Thursday, September 16, 2010

Doing a "Good Job" of Being Sick

A while back, the title of a book caught my attention: "Being Sick Well: Approach Illness With Dignity, Adopt a New Attitude, and Find Hope Through it All". Being the typical Type-A personality buried beneath limited energy (which means I never get anything done to the perfection I really want), I immediately thought, "Hey - being sick well? I'm game! If I've got to be sick... why not do it the right way?" I purchased the book, headed home at a snails pace, and armed with highlighters of every color, curled up in bed with my treasure-book full of answers. I was asleep before I opened the front cover, thoroughly exhausted from my simple outing.

Two years later, a new doctor, a diagnosis and new successful treatment, and a recent major downsize to a small condo had me unpacking boxes when I stumbled across this book, still unread. Well... sort of. I've read the first two introduction pages. Today. When I wasn't feeling well.  Then my body gave out and I fell asleep. See a pattern? I'm sure many of you can relate. There isn't enough energy left to do everything I want to do so doing a good job of being sick seems like a paradox.

I think this haunts all of us who are ill and who want to do well in life. How can we be sick "well"? Is there such a thing? How can we live a life that is abundantly more than we could have ever dreamed of - blessed beyond measure despite the daily, hourly, or minute-by-minute reminders of the illnesses that eat away at our resources of time, energy, emotions, and finances.

I have started this journey toward "wholeness" despite being broken physically by downsizing. My friends have all laughed at me because despite giving away a 28 foot moving truck full of "stuff", I didn't downsize enough. So I am still getting rid of stuff that I can no longer physically care for. I live in a condo that is less than 600 square feet, and though I initially fought the idea of letting go of things that I thought meant something to me emotionally, now that I've made this transition I am so thankful. Though I'm still unpacking, sorting, and tossing stuff out, it takes me less than an hour to clean my home including the floors and bathroom. In finally accepting the limitations and creating a new living environment, I am able to spend precious energy that would have otherwise been spent on a larger home on things that are far more important. For me - step one toward "being sick well" was admitting that living in and caring for a large home was no longer an option.

Another thing I've found successful was to stop fighting my body and start listening to it. Many of us were told "There is nothing wrong with you" or "It's all in your head" when we were on our journey toward getting a diagnosis. As a result, we tend to try to push ourselves through flare-ups rather than listen to the cues our bodies are giving us. This is something my Rheumatologist has been preaching to me- "Be kind to your body." It took months of my doctor preaching this to me before I stopped feeling guilty for resting when my body says "rest".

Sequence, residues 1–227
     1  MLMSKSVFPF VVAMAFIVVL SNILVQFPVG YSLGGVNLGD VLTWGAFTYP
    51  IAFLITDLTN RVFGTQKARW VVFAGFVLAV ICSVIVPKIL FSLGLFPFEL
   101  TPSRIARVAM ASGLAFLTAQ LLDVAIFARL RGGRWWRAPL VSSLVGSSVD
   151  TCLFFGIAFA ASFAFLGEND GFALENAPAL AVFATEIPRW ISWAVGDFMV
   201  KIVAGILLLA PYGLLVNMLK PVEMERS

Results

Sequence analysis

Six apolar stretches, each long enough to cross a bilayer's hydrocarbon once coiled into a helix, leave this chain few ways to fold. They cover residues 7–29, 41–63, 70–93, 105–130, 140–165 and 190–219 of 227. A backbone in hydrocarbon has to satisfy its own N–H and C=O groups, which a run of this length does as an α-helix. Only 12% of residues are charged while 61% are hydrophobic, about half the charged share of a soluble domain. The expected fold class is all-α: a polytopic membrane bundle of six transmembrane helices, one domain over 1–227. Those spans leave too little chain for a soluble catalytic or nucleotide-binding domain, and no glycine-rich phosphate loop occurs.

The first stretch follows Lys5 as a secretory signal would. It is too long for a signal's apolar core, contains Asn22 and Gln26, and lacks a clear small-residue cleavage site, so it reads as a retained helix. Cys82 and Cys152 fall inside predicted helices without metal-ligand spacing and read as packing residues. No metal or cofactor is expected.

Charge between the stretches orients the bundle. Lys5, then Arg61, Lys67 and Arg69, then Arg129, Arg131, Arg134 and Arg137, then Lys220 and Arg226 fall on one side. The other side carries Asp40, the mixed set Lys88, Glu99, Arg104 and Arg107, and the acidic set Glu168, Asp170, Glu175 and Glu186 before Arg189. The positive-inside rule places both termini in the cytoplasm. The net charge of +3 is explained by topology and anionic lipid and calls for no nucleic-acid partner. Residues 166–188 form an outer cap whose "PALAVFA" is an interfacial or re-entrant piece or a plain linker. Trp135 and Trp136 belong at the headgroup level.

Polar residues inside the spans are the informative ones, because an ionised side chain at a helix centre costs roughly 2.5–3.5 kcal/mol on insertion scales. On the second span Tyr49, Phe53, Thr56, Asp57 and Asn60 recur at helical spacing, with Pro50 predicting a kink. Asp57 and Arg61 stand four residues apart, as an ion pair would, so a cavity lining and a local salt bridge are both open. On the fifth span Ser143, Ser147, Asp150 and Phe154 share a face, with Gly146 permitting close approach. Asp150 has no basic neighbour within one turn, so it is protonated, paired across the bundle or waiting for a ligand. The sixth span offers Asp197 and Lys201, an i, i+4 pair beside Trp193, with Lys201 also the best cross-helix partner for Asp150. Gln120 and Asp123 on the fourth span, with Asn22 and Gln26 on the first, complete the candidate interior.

One of the most important things has been to stay connected with my girlfriends. I have girlfriends that I talk to on a daily basis and those friendships are my lifeline, especially when I am too sick to go out. They add joy to my days, laughter to my life, and sunshine to the darker days. They are gifts from God, and I encourage each of you out there to let your friends in and be authentic with them.

I am so far from being close to doing a "good job" of being sick... it's a work in progress. But I am determined to live my life to the fullest despite being placed in a body that is not what I want it to be. I think all of us who live with chronic illness want that... that's why events like Invisible Chronic Illness Awareness Week and groups like Rest Ministries and those found on Facebook and the blogosphere are so important. Each one can reach one - we can share what we've each learned and help one another along the way.


  1. OMG I am so glad we've been introduced! I have SOOOO been there as I struggle with the same diagnosis as you, and feel blessed that I've learned from being in pain too. I recognize so much of what you have texted to me and wrote here. I've learned and gained so much during this journey that started when I was young too. You are a great inspiration to me (although I think I was probably diagnosed a decade before you)! Thanks for sharing!

  2. I am not downsizing nearly as well as you but I keep working on it. It's all a "work in progress" I am proud of you! Thanks for blogging for #iiwk11 too!

  3. Wow, I hear you. Downsizing is a great concept. I ought to try it, one of these days when I have the energy. But truly, I have tried to simplify life out of necessity. Great blog!

    find me at:
    The Hope Post on facebook

  4. This is a great blog!! I also write about chronic pain and illness. I am following your blog and I hope you will check mine out as well. Keep blogging and keep smiling through the pain. :-)

  5. I so agree with everything you wrote here. I have been blogging about my journey with pain & illness too. I have a chronic inflammatory disease called Ankylosing Spondylitis.

    Recently, my husband and I cleaned and sorted our home & garage. Major task but I am feeling the benefits you mentioned -- it takes so much less time to keep it up and now I have time for the more important things in my life, like homeschooling my little girls and writing.

    Blessings to you!